Welcome to F.I.E.L.D.- the First Ismaili Electronic Library and Database.

Aga Khan opens Ottawa pluralism centre, and board members blast Trump

Tuesday, 2017, May 16
H.H. The Aga Khan with the Governor-General of Canada  David Johnston
Mike Blanchard - The Canadian Press

OTTAWA — The Aga Khan returned Tuesday to Ottawa to unveil the new headquarters of an international organization that is positioning itself as an antidote of sorts to growing strains of populism and intolerance around the world.

Board members of the Global Centre for Pluralism, including former governor general Adrienne Clarkson, singled out the arrival of Donald Trump in the White House as something that makes the centre's work even more relevant.

"We have to keep a very careful eye on not only the countries that have a history of turmoil but also on places like the United States, where the rule of law is being flouted by the president," said Clarkson.

"It is terrifying to see that on a daily basis, and think, how is that going to work out in the end because it's such an important power — it's a great country."

Board member Kofi Annan, the former UN secretary general, singled out Trump for blaming foreigners for taking American jobs "and other bad things," and for deceiving unemployed Americans in the rust belt that he can revive the coal industry to create jobs.

"When you don't do that and you lie to them, I worry what happens (the) next time they realize they've been deceived," said Annan.

Controversy hovered over the Ottawa appearance of the Aga Khan, a wealthy philanthropist and hereditary spiritual leader to the world's 15 million Ismaili Muslims. He gave Justin Trudeau a controversial helicopter ride to his private island in the Bahamas over the Christmas holidays, something the opposition continued to press the prime minister on during question period on Tuesday.

The 80-year-old Aga Khan kept the focus on the opening of the new pluralism centre — part think tank, part advocacy group — on a renovated piece of prime Ottawa real estate on Sussex Drive.

John McNee, secretary general of the centre, declined comment on the helicopter controversy, saying: "That's not a matter for the Global Centre for Pluralism."

The Conservatives have loudly condemned Trudeau for the trip, which they say violated the Conflict of Interest Act. They are demanding to know more about an ongoing investigation by the federal ethics commissioner.

A former aide to Stephen Harper says the Conservative ex-prime minister was hopeful none of that would overshadow the opening of the new pluralism centre headquarters, or its core mandate of promoting diversity in a troubled world.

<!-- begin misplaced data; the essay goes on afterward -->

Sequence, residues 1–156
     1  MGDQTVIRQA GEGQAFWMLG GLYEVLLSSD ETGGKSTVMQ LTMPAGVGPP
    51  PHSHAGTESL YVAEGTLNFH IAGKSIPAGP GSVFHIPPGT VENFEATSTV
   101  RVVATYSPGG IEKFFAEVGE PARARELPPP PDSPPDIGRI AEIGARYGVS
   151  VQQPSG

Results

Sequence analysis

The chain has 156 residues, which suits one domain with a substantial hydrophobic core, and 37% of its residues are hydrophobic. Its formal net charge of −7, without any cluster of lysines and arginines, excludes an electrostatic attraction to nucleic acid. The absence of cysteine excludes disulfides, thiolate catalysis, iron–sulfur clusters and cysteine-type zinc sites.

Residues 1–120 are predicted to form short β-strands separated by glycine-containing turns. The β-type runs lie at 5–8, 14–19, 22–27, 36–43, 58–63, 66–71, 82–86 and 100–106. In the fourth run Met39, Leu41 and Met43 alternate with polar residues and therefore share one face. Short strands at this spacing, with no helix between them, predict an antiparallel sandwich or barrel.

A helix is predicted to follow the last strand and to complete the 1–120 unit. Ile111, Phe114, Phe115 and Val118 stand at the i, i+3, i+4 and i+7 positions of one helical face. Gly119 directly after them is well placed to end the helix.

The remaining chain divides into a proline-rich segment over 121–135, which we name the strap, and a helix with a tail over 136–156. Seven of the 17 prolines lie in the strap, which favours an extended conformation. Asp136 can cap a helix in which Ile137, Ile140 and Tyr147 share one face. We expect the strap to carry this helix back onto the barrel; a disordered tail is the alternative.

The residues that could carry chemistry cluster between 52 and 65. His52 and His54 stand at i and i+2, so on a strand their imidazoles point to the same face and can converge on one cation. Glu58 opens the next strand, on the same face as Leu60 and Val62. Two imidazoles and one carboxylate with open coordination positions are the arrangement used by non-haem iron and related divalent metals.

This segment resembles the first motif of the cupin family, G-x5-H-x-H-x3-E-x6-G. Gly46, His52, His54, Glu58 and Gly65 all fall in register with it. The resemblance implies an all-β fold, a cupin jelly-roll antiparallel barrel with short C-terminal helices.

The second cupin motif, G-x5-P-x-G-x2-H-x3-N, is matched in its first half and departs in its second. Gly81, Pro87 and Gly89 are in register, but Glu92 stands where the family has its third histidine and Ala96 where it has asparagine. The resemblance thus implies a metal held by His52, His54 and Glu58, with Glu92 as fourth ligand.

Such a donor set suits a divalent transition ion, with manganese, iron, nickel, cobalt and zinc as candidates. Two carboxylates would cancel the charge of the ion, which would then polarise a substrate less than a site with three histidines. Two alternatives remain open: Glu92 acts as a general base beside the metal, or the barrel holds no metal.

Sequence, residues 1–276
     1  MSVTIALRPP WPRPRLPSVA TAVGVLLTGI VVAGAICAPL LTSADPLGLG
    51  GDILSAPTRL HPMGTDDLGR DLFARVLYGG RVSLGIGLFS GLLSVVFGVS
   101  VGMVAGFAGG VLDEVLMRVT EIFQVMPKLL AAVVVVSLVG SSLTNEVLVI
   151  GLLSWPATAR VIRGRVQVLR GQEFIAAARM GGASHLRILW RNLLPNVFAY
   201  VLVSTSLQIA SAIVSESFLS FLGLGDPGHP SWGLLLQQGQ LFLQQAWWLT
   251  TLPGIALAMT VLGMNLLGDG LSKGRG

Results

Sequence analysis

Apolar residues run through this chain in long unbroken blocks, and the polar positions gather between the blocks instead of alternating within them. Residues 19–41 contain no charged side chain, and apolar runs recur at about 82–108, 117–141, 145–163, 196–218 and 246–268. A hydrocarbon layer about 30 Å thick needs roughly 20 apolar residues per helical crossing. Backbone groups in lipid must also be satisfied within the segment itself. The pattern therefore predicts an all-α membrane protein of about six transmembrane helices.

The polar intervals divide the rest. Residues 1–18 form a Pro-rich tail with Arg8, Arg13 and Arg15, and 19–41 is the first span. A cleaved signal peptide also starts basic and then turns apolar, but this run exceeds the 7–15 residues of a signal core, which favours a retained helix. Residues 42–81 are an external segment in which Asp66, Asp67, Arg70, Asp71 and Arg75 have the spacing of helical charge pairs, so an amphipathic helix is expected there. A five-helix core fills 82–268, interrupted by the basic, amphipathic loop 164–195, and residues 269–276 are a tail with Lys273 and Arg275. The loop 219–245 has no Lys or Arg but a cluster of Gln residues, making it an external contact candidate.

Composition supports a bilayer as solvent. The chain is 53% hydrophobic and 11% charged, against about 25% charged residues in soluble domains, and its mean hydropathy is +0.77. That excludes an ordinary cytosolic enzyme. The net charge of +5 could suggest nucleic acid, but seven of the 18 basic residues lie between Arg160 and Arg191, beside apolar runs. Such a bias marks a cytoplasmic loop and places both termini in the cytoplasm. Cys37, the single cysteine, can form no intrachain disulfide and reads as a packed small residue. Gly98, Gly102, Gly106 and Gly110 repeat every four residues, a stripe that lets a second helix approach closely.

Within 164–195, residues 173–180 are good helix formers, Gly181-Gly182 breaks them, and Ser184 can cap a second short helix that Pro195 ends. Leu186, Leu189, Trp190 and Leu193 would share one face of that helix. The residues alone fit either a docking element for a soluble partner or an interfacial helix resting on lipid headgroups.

"He's hugely supportive of it," said Rachel Curran, who served as Harper's policy director. "He's always thought the Aga Khan was one of the leading voices in the world for the promotion of peace and pluralism."

She said the helicopter controversy reflects more on Trudeau than the Aga Khan.

"I don't think it will reflect on the work of the centre or the Aga Khan's work . . . It's a distraction for sure."

Harper, who gave the Aga Khan honorary Canadian citizenship, visited his resplendent Ismaili Centre in Dubai in January and said in a tweet that it reminded him of "what a tremendous force for global peace and pluralism the Aga Khan is."

Trudeau, meanwhile, has said the Aga Khan is a longtime family friend, dating back to the early 1970s when his father, then-prime minister Pierre Trudeau, gave sanctuary to Ismaili Muslims fleeing Ugandan despot Idi Amin.

"Liberal and Conservative prime ministers have all readily responded to the Aga Khan's interest in promoting pluralism in the world, drawing on Canada's experience," said McNee.

The centre is set up as a registered non-profit and had been operating since 2011 out of the Delegation of the Ismaili Imamat, the Aga Khan Foundation's building also on Sussex Drive.

McNee said some of its previous activities have included keynote events featuring the chief justice of the Supreme Court of Canada and the architect of South Africa's post-apartheid constitution.

That's just a taste of what's to come in the centre's new home, which used to house Canada's war museum, said McNee.

There will be more speeches and public discussions, and research papers have been commissioned on the diversity challenges in places such as Bolivia, Singapore and India. There will also be a $50,000 Global Pluralism Award for an international advocate of human rights and "inclusion," said McNee.

Mike Blanchfield, The Canadian Press

Back to top